Maximum Impact (2017) Review



Maximum Impact is a bit of a mess with a jumbled tone and terrible script with little else to recommend it.

Plot: Secret Service agent Kelly Hu and Russian agent Alex Nevsky must stop evil Billy Baldwin, Matthias Hues, Mark Dacascos and a bunch of evil Russian bald guys from unleashing a potential attack. They must also learn to work together as partners, all while President Eric Roberts handles foreign deals, his daughter’s bad texting habits and political matters.

Review: Maximum Impact features many of the same signature B-Action movie performers we’ve come to love, a laughably unfunny script by Rush Hour’s Ross LaManna (he has no Jackie Chan or Chris Tucker to make this a bareable film) and shows once again that Andrzej Bartkowiak must be locked away from ever making a movie again (he wasn’t even a decent cinematographer to begin with). The story is all over the place, gags are forcibly rushed (I can name unfunny sitcoms that are funnier than this cluster!) and the action is minuscule yet also rushed to where you’ll forget it as you watch it.

I never ask for much of any film as it’s hard to make everything work on most levels but this yet another Expendables/Lethal Weapon type vehicle that will fail to entertain even die-hard completists of the Action genre or cast. Alex Nevsky is too busy getting his English right to project any sort of presence (something that’s been noted in his previous films) and has zero chemistry with Kelly Hu, who’s clearly game here yet adds yet another turkey to her resume.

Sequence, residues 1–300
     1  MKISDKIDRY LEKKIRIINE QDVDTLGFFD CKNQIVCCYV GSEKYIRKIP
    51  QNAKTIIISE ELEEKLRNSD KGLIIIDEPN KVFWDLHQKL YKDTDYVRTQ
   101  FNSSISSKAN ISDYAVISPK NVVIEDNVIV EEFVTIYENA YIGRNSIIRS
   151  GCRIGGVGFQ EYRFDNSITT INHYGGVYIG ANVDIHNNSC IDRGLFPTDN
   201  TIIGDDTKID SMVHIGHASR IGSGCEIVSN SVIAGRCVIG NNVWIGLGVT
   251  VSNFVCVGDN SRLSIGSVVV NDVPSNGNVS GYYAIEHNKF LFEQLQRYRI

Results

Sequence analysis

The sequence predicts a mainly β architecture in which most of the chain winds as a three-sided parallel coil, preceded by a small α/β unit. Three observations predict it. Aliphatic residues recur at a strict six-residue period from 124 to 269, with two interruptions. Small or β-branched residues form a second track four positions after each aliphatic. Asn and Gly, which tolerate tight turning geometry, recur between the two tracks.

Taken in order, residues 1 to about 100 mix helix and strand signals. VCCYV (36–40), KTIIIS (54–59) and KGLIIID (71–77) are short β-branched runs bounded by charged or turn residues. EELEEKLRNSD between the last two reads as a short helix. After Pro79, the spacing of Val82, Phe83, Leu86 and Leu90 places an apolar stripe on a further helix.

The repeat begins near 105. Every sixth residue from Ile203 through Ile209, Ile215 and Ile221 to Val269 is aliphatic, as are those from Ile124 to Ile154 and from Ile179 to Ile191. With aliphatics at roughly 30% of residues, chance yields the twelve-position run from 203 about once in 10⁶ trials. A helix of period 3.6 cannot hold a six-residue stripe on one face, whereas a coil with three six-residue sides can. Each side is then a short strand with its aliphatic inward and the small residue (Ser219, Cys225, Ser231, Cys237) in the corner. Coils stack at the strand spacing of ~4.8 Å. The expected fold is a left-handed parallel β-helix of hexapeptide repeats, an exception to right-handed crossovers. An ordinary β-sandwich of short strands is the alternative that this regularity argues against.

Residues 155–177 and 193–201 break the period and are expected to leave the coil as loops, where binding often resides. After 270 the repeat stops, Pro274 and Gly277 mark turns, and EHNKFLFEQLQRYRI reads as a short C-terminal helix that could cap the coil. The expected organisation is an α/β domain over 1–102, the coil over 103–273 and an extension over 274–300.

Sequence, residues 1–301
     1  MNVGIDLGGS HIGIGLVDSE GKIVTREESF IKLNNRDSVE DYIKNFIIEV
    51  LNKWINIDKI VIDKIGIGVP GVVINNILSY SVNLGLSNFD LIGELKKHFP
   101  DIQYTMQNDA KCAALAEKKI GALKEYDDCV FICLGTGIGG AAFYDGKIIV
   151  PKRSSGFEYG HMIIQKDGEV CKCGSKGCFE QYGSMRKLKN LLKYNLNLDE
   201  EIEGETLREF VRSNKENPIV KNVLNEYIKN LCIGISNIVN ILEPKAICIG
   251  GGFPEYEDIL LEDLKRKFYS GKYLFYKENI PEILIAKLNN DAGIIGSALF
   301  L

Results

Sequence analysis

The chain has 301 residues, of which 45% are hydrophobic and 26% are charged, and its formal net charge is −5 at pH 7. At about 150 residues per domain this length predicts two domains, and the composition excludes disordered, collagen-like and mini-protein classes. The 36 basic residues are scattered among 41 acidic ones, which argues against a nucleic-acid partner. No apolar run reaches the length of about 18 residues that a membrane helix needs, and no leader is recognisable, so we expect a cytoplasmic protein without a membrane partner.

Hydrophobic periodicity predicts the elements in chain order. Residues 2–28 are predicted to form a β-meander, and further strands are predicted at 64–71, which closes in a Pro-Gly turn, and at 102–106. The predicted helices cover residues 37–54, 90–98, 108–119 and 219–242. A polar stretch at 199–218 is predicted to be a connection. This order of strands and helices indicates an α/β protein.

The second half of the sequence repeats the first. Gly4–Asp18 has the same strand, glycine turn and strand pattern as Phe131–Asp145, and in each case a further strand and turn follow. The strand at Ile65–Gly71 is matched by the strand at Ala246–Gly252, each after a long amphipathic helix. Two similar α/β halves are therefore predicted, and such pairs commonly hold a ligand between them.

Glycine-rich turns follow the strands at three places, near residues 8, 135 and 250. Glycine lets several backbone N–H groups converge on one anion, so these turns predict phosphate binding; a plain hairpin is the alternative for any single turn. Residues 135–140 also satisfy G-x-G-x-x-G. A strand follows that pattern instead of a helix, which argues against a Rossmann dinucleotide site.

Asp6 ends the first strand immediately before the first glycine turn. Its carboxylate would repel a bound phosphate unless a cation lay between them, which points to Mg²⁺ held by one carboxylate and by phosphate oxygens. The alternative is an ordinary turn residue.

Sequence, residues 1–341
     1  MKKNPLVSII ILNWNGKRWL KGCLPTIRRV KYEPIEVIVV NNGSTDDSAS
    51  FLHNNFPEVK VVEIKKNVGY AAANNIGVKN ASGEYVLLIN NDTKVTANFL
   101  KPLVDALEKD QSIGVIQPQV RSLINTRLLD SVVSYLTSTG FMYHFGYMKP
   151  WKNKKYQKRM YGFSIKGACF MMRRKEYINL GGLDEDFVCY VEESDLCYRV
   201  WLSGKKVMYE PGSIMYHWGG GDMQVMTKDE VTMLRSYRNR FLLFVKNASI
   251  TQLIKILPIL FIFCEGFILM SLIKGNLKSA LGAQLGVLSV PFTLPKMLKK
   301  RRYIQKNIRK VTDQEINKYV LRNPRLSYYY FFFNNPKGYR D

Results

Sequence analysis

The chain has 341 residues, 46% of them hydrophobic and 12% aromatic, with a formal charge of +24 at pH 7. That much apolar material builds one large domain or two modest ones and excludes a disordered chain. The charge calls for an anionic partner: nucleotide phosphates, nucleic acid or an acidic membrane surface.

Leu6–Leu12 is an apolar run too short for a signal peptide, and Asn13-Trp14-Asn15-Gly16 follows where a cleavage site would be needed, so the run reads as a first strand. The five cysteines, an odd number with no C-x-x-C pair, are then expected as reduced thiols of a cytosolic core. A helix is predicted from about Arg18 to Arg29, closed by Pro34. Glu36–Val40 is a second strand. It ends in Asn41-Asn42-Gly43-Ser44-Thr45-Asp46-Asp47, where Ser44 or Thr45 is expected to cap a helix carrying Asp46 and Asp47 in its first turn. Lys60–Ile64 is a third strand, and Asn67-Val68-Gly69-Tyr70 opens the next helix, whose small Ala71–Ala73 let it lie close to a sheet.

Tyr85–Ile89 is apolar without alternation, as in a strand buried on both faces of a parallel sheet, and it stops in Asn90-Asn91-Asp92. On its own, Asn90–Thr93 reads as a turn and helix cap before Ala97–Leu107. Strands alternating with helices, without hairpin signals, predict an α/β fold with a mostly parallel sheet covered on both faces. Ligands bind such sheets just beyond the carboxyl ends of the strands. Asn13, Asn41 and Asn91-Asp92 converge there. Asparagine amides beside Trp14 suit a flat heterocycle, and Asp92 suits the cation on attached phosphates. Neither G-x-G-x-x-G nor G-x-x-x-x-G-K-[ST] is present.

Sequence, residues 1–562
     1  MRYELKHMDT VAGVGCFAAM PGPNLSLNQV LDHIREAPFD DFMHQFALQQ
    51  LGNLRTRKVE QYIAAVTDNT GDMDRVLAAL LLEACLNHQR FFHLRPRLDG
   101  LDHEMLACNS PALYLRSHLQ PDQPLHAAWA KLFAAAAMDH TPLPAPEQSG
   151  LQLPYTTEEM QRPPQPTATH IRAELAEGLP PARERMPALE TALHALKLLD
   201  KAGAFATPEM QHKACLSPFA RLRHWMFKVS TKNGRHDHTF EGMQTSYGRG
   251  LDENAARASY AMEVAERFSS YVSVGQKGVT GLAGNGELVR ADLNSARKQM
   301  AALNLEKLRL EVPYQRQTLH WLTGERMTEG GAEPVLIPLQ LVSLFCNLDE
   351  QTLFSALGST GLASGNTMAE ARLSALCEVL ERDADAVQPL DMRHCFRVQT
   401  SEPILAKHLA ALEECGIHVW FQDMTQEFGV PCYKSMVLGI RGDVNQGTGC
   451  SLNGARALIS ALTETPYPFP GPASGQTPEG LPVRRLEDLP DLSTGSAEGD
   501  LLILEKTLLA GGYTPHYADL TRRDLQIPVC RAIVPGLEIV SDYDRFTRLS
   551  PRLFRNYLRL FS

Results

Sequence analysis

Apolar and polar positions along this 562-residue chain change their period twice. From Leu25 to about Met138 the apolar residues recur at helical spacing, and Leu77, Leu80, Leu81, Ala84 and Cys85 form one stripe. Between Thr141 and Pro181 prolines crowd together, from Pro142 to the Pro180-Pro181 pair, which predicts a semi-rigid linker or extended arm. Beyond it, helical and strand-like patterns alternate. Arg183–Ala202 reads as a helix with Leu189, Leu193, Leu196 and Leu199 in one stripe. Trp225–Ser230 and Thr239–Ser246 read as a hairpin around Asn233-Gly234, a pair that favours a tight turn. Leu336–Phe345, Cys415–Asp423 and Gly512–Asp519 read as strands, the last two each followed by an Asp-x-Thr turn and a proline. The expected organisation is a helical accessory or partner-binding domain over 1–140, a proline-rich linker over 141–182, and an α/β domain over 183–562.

Tom Arnold appears at the beginning in a Broken Arrow style boxing match that sets up nothing except another lifeless gag (were these all filmed in one take?) and appears at the end doing much of the same post-credits scenes he did in Andrzej’s other films.

Eric Roberts proves to be the only bright spot, most notably in a terribly unfunny cabinet meeting as he does what he always does best: be over-the-top no matter the material. Still, as many good and bad films as he has redeemed, this is a rough sit for even Roberts’ fanboys.

Bai Ling appears briefly as her usual nymph type persona, Matthias Hues is barely on-screen as Dacascos’ bad guy partner and this will even disappoint Danny Trejo fans. In addition to the insulting bait-and-switch casting and lack of anything to occupy one’s attention spans, this film doesn’t seem to know what audience it’s for; one minute its going all poor man’s Power Rangers with the fights, the next is something akin to a family slapstick film. Even an R rating couldn’t redeem this sad sack.

Avoid this and watch better recent films by the cast.